THE Nigerian Metrological Agency (NIMET) which predicated the flood scenario in 2012 and analyzed the most likely areas to experience flood has once again, predicted that most parts of Nigeria are likely to experience delayed onset, early cessation less-than-normal rainfall amounts and dry spells in 2016.
The Director-General of NIMet, Dr. Anthony Anuforom, who announced this recently at the 2016 Seasonal Rainfall Prediction (SRP), noted that the expected lower-than-normal rainfall in parts of the country does not rule out the possibility of isolated flash floods due to high intensity rainfall at the peak of the season, especially flood prone places, such as Delta State and other Niger Delta costal states.
According to him, NIMET’s SRP is part of the agency’s meteorological Early Warning System, containing rainfall and temperature outlook for the year, as well as the possible socio-economic implications of the projected weather patterns.
SRP, he said, was designed to provide vital information for planning and execution of projects and programmes in various sectors of the economy, especially those that are sensitive to weather variability, such as agriculture, air transportation, infrastructure construction, telecommunications and water resources.
He specifically pointed out that rainfall predictions are risk factors for farmers in the affected areas that must be carefully managed, adding that, ‘‘dry spells during the rainy season may be more frequent and severe in many parts of the North, while the ‘Little Dry Season’ or August break in parts of the South is expected to be pronounced. These are risk factors for farmers in the affected areas and has to be carefully and scientifically managed,” he said.
The agency also warned of the possibility of isolated flash floods due to high intensity rainfall at the peak of the season, especially flood prone places, especially, the Niger Delta region.
He then stressed the importance of proactive measures to avert the reoccurrence of devastating experiences recorded in the region in the previous years.
This predication as a matter of fact, call for prompt proactive measures to save lives and property, especially for the coastal communities in Delta State, on the heel of the rampaging flooding of Lagos State, some part of Kano, Sokoto (over 60 houses were destroyed during Sunday heavy rainfall), Kogi, Benue and other states across the nation.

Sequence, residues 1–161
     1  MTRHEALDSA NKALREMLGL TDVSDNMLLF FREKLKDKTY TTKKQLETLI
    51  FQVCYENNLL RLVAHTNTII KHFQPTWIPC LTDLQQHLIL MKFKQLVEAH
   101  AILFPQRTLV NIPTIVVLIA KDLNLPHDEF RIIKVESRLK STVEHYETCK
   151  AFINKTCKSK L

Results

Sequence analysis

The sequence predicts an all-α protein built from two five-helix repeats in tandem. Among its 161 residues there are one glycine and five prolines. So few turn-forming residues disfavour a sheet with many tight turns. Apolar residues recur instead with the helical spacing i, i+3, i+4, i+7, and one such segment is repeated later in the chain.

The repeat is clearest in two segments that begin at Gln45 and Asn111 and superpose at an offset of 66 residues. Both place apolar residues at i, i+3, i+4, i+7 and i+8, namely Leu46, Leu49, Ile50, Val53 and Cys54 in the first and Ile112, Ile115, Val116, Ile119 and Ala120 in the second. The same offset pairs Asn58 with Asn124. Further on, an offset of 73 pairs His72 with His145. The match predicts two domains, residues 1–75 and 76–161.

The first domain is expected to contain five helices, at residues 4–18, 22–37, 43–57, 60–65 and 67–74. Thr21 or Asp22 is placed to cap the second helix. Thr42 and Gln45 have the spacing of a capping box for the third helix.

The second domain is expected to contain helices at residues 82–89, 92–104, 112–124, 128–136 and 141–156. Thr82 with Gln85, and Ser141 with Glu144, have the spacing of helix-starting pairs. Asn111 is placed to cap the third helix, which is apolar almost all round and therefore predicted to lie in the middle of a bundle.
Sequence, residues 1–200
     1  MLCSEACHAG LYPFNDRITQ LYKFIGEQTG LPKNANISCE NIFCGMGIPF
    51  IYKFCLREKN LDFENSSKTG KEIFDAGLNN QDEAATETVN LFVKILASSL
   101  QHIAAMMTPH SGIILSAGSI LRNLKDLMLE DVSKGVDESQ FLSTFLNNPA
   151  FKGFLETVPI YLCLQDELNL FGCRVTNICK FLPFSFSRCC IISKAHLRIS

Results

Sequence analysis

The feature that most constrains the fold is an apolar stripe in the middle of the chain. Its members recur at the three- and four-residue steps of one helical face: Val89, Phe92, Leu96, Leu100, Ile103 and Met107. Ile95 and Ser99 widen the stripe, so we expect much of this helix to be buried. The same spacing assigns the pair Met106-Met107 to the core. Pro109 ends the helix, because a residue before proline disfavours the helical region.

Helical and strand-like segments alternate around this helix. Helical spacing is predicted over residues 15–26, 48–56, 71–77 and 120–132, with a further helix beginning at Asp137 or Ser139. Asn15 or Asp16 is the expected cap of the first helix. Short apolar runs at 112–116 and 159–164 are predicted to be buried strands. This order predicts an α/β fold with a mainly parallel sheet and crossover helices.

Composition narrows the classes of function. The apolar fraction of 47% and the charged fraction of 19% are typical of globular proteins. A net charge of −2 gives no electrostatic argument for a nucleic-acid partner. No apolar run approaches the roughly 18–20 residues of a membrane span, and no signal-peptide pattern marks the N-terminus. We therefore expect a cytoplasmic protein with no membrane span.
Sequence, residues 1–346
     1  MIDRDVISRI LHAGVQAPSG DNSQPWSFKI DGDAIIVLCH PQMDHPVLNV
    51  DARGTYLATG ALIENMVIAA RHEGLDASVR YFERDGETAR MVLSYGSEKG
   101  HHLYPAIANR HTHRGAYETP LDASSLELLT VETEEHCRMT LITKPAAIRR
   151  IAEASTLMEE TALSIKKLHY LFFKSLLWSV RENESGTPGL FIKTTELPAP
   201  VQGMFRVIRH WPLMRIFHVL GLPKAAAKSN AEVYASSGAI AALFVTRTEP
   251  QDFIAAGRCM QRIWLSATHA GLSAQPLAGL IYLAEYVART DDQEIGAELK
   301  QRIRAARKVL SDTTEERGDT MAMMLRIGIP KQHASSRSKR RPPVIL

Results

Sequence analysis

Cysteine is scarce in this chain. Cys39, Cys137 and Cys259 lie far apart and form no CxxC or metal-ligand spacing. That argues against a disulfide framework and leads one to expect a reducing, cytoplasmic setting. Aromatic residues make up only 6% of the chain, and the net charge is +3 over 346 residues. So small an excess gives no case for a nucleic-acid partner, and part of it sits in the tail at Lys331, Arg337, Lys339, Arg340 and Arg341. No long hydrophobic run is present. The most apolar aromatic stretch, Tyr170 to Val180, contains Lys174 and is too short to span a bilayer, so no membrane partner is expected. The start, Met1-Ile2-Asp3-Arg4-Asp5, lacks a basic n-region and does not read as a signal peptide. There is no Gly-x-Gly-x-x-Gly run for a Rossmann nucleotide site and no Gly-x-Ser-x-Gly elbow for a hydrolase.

Aware of the impending dooms and its consequences’, the National Emergency Management Agency (NEMA) has swiftly warned the most likely states (pencilled down), including Delta State, Bayelsa State and others for prompt proactive measures, to avert carnages.
It would be recalled that immediate proactive measures, employed by the Delta State Government, during the 2012 flood disaster, which reportedly claimed many lives and destroyed property worth billions of naira across the nation, saved the situation.
This predication came on the heels of the rampaging impacts of flood in Lagos State, Kano, Kaduna, Kogi, Benue States and other states across the nation. The Pointer Environment learnt that some states in the northern region have had series of bitter experiences due to the devastating impacts of the flood, which resulted in the destruction of many buildings.
Fortunately, the casualty recorded in Delta State in 2012 was very low, compared with the other Niger Delta States, because of the proactive measures adopted by the state government, especially, the swift measures, carefully and cleverly taken to curb the devastating impact of the natural disaster. The former state government, aware of the impending doom associated with the natural disaster, carried out massive disaster awareness campaigns across the state, relocated those residing in flood prone areas and settled them in conducive areas, equipped with food, medical equipment and medical personals.
The 2016 flood prediction must again be taken with more seriousness by the State Ministry of Environment, especially now that the flood has started recording its toll across the nation.
Our respondents, who spoke on the issue, while expressing confidence on the ability of the state government to manage the situation effectively and efficiently with less stress, stressed the importance of early positive measures to curb and contain the ugly situation.
Mr. David Samuel from Delta South expressed worries over the predication and called for immediate action to reduce the effect on his people residing on the coastal areas across the state.
He noted that the 2012 and 2015 flood disasters, destroyed their homes and economic plants and other properties, adding that many of them were yet to recover from the shocking experiences they had, ‘‘now come another one’’.
Mr. Henry Ugbomah from Ndokwa East Local Government Area urged the state Ministry of Environment, State Waste Management Board and other stakeholders in filth management to embark on sensitization campaigns and opening of natural water canals and drainage systems.
Another respondent, Madam Edith Oke, called for the removal of illegal structures, blocking the water channels to avert the flooding of the areas prone to flood, especially in places like Warri, Ughelli, Asaba, Aboh, and others.